Last year, two chefs made the rounds of the U.S. and happened to meet during a layover at LAX. The Korean chef looking at the calloused hands of the other and the book the man was reading and instantly recognized a fellow chef. Learning that the Chinese chef was hurriedly returning to Yulin for the annual Dog and Cat Meat festival, the Korean man relaxed.
They talked about the shocking problem of America, so many stray cats and dogs. Then the shock of the abundance of food while there were homeless and starving humans in America and the world. And after a long rambling talk of food and friendship and a few cups of wine, they devised: “A Humble Proposal: For preventing unwanted dogs and cats of the people from being a burden to their country and making them beneficial to the public.”
The Yulin chef commented, “It is a melancholy for those who walk through this great country, when they see the streets and sidewalks crowded with beggars of the furry kind, followed by three, four or six puppies or kittens. Every time one stops to eat and they cast a sad eye and either mutely or vociferously begging for a piece of food.”
“Yes,” said the Yulin chef, “These mothers, have not honest livelihood. They have no home. They are forced to spend their time pacing about to beg for sustenance. That no longer happens in Yulin. Stray dogs and cats are properly taken care of.”
“So to is the case in Korea,” the Korean chef added. “We have places where you can take your unwanted dog . Sure we have animal shelters and we hold the animals just in case they are pets, but after a certain amount of time, we kill those animals, but we don’t waste them. We put that meat to good use.”
“It’s a shame that eating cats and dogs isn’t as widespread in China as it is in Korea,” said the Yulin chef.
“Not so,” the Korean chef corrected his new Chinese friend. “We only eat dogs and not cats. Yet perhaps if I did some research, say a study tour to Yulin, we could convince the Korean to eat cats as well. In Korea, we have dog farms, just like the Americans have chicken and turkey farms.”
The Chinese man looked thoughtful and wistfully said, “You have dog farms?”
“They have them here,” the Korean chef said. “They call them puppy mills, but the Americans are so wasteful. It’s like there pumpkin farms. Some pumpkins are grown for ornamentation and not eaten at all.”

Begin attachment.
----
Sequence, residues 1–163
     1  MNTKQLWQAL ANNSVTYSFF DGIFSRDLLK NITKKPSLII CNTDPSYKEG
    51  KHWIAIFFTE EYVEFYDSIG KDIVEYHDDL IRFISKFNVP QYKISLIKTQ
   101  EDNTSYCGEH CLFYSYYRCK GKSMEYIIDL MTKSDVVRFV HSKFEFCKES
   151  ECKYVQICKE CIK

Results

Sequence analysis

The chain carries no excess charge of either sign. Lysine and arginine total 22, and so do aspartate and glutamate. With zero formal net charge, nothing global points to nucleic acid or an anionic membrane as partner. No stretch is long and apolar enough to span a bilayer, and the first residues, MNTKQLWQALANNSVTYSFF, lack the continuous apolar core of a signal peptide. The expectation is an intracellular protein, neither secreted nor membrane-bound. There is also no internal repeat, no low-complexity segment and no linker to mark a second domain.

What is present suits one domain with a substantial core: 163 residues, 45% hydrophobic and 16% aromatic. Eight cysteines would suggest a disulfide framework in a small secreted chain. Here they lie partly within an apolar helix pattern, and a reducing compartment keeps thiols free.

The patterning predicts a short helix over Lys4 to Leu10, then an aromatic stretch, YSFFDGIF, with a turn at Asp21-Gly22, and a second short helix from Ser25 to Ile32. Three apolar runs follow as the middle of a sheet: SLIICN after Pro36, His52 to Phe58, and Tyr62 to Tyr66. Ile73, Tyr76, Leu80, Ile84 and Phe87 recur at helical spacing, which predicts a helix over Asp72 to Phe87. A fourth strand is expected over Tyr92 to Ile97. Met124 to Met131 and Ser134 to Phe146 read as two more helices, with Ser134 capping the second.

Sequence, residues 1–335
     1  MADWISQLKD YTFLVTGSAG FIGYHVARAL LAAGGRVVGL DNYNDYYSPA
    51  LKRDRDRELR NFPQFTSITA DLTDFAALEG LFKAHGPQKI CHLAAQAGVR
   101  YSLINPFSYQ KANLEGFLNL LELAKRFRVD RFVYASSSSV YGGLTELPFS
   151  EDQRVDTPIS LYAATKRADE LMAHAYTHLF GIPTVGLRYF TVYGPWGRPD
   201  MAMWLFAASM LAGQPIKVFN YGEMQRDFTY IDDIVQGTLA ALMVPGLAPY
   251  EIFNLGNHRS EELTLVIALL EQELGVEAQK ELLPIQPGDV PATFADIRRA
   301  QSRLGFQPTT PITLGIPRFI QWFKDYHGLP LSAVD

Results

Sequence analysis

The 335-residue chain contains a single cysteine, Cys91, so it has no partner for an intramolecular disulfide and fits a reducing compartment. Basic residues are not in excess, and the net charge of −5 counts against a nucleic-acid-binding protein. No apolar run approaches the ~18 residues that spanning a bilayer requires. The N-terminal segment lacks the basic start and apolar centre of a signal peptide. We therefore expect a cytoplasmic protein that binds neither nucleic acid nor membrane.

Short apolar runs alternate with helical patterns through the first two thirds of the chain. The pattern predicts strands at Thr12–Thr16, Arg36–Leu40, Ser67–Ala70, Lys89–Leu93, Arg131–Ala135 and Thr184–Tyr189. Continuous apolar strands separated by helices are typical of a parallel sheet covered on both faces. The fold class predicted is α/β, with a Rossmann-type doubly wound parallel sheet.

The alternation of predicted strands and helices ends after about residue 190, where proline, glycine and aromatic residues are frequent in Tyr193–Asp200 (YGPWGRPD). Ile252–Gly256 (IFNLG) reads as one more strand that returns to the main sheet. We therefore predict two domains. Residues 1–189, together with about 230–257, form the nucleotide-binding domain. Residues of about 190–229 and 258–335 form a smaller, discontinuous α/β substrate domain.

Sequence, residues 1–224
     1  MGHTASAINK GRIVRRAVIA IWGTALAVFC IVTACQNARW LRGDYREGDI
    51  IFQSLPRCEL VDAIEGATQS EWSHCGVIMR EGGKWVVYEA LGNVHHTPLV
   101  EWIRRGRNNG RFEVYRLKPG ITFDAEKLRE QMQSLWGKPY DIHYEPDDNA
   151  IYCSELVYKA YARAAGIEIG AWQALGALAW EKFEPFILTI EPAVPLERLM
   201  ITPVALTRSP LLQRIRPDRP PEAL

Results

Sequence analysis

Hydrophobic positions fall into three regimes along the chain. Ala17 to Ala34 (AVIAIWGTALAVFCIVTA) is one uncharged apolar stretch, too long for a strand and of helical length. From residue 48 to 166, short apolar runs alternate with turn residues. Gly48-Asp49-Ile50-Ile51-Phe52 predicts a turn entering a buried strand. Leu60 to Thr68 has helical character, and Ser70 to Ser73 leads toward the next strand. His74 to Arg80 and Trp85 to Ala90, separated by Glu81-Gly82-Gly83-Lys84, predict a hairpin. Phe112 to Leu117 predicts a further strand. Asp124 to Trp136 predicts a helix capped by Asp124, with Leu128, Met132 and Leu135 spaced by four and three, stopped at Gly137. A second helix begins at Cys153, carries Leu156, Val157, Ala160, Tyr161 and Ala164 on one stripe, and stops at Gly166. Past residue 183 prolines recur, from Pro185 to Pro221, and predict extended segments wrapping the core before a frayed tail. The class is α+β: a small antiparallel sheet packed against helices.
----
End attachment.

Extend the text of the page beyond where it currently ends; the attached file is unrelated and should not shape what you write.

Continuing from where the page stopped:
“Yes, the Americans,” said the Chinese chef with a snort. “They complain about other cultures eating dogs and when reminded that the English eat bunnies, the Asian Hindus don’t eat cows and the Jews and Muslims don’t eat pork, they say it is because of the way we kill the dogs.” Seeing the Korean chef’s quizzical look, the Chinese chef explained, “We boil them alive. Sometimes we stun them then singe the skin off.”
“You mean like the traditional European way of cooking lobsters?” asked the Korean chef.
“Yes. They don’t mind the Japanese eating dancing shrimp either,” explained the Chinese chef. “One reason I came to the U.S. was to study the correct methods of killing livestock according to the Americans.”
“Not even Americans can agree,” the Korean chef said. “I’ve been here before and I visited a New Jersey slaughterhouse, one of the nation’s largest veal and lamb companies, and they didn’t care if a calf was conscious on a kill line. They dragged a conscious calf by a chain. they kick calves and pull them by their ears.”
“I hear in Europe they shoot day-old calves and don’t eat them,” the Chinese chef said with a sigh.
The Korean chef was quiet and looked furtively around and in a low voice said, “You know they do torture dogs in America. But for research. They torture animals for research here.”
The Chinese chef continued, “I went to the poultry farm. Americans are perfectly fine grinding up male chicks alive, electrocuting or throwing them alive intro trashcans to suffocate–one on top of the other. You could hear them peep, peep, peeping. Once the trashcan gets too full of the fluffy chicks, the workers, they stomp them down, with their own feet. Egg-laying chickens can be killed that way as well. Trashcans…one on top of the other. If they are eating chickens, adult chickens, they can be boiled alive. Not a problem.”
The Chinese chef commented, “You know the difference is that Americans don’t like looking at their problems here. Americans are always telling other people how to live: Save the panda, but not save the coyote or the wolf.”
“Yes, they have shooting contests for coyotes here, but they don’t eat the meat,” the Korean chef said. “Just like those Japanese Buddhist who don’t eat meat, but eat chicken and fish.”
“Real Buddhists are vegans,” the Chinese chef said. “Luckily, Chinese eat everything with four legs or two wings, except tables chairs and airplanes.”
“That’s why there are no unicorns,” the Korean chef said with a wink.
“Don’t blame us for that!” the Chinese chef retorted. “I think St. George was slaying more than dragons.”
“Imagine,” the Korean chef said, “1.2 million dogs being killed each year in American animal shelters. What a waste. Americans could feed all its people and cure the stray dog problem if they ate dog meat.”
“Yes,” the Chinese chef said with a waggish look in his eye, “but how many of those are Chihuahuas?”
–parody written with apologies to Jonathan Swift.